Riekki J, Sánchez I & Pyykkönen M (2008) Universal Remote Control for the Smart World. Lecture Notes in Computer Science: Ubiquitous Intelligence and Computing, Springer, 5061: 563-577.

Röning J, Haverinen J, Kemppainen A, Mörsäri H & Vallivaara I (2008) Smart Systems for Distributed Sensing. Proceedings of 11th Biennial Baltic Electronics Conference (BEC2008), Tallinn, Estonia, 21-30.

Schaberreiter T, Wieser C, Sánchez I, Riekki J & Röning J (2008) An Enumeration of Rfid Related Threats. Proc. The Second International Conference on Mobile Ubiquitous Computing, Systems, Services and Technologies (UBICOMM’08), Valencia, Spain, 381-389.

Seydou F, Duraiswami R & Seppänen T (2008) Numerical solution of electromagnetic scattering by multiple cylinders. ACES Journal, 23.

Siirtola P, Laurinen P & Röning J (2008) A Weighted Distance Measure for Calculating the Similarity of Sparsely Distributed Trajectories. Seventh International Conference on Machine Learning and Applications, San Diego, USA, 802-807.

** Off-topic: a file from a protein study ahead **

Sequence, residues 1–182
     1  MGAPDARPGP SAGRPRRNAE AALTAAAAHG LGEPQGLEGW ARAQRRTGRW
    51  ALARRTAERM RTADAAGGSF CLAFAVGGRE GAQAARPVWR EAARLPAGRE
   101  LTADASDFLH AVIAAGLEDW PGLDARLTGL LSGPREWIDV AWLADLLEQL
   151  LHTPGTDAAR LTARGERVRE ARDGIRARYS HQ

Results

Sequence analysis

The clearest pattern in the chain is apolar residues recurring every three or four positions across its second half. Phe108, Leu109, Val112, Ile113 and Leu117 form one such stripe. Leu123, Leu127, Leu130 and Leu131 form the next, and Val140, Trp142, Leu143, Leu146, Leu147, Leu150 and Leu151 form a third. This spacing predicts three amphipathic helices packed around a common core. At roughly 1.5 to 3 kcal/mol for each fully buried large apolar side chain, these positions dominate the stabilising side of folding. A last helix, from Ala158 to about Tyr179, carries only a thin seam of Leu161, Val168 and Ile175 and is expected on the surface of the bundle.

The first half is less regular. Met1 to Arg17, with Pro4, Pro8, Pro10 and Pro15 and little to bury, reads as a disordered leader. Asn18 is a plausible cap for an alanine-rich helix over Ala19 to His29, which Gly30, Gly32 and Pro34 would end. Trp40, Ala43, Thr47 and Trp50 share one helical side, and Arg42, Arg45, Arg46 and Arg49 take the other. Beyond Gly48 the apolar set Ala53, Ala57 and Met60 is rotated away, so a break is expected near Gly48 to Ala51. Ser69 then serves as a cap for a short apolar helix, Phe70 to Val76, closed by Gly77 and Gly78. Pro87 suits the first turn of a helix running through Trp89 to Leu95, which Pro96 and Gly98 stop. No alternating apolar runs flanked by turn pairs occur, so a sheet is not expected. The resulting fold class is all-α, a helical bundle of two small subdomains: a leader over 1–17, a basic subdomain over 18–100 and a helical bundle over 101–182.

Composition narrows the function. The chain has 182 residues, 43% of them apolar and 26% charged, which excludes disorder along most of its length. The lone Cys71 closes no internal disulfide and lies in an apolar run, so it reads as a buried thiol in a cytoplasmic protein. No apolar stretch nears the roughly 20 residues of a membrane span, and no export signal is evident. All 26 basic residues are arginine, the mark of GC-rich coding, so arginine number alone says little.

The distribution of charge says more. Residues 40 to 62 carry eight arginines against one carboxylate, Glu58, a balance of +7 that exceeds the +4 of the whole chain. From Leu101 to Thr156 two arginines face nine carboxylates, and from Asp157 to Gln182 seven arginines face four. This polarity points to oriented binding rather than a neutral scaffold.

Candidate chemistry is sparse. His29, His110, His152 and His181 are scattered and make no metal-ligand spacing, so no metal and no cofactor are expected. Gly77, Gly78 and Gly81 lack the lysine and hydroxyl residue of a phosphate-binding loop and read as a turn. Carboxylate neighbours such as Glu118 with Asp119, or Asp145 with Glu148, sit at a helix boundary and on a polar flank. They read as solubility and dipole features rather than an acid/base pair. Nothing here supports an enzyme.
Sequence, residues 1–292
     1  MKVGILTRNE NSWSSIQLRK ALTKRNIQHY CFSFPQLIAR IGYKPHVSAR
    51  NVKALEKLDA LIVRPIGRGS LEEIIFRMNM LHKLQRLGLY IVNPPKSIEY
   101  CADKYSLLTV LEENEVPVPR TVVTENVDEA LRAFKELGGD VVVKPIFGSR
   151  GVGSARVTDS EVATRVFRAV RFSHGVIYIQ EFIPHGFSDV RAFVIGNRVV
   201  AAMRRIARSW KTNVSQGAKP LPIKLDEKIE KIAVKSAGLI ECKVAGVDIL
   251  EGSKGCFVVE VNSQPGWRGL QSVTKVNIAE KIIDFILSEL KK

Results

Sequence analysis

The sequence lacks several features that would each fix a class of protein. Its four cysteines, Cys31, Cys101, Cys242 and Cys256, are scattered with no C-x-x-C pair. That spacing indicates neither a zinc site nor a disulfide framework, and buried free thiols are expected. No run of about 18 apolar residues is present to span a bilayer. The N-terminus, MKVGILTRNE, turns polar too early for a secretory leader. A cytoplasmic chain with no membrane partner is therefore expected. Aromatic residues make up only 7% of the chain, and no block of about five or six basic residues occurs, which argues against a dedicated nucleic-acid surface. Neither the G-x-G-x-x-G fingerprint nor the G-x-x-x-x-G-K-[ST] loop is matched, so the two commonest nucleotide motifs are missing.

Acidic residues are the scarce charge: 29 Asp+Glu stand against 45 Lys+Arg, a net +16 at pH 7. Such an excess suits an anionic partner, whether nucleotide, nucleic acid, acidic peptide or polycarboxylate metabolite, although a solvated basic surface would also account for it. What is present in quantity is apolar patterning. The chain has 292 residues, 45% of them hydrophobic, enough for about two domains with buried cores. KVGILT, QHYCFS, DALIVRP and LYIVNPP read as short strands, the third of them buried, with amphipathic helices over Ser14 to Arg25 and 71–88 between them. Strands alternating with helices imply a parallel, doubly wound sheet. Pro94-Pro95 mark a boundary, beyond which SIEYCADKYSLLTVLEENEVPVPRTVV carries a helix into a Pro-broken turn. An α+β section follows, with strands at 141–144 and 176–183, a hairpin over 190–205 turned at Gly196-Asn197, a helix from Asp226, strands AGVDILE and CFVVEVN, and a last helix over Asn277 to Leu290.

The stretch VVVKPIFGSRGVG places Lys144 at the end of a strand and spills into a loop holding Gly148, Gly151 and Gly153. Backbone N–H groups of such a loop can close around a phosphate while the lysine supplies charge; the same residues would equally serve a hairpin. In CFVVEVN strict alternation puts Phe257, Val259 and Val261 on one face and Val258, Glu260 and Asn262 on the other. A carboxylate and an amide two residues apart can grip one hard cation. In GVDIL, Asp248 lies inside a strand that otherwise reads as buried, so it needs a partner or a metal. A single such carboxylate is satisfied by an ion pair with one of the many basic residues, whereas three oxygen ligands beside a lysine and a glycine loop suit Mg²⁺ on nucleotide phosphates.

Suutala J & Röning J (2008) Methods for Person Identification on a Pressure-sensitive Floor: Experiments with Multiple Classifiers and Reject Option. Information Fusion Journal, Special Issue on Applications of Ensemble Methods 9(1): 21-40.

Tamminen S, Juutilainen I & Röning J (2008) Product Design Model for Impact Toughness Estimation in Steel Plate Manufacturing. The International Joint Conference on Neural Networks (IJCNN 2008), Hong Kong, 990-993.

Tiinanen S, Tulppo M & Seppänen T (2008) Reducing the effect of respiration in baroreflex sensitivity estimation with adaptive filtering. IEEE Transactions on Biomedical Engineering 55: 51-9.

Vallius T & Röning J (2008) Low Cost Arbitration Method for Arbitrarily Scalable Multiprocessor Systems. 4th IEEE International Symposium on Electronic Design, Test and Applications (delta 2008), 119-124.

Noponen K, Kortelainen K & Seppänen T (2008) Invariant trajectory classification of dynamical systems with a case study on ECG pattern recognition. Pattern Recognition. In print.

Pirttikangas S, Fujinami K & Hosio S (2008) Experiences on data collection tools for wearable and ubiquitous computing. Int. Symposium on Applications and Internet (SAINT2008), Workshop on SensorWebs, Databases and Mining in Networked Sensing Systems (SWDMNSS 2008), IEEE, July 28, Turku, Finland, 149-152.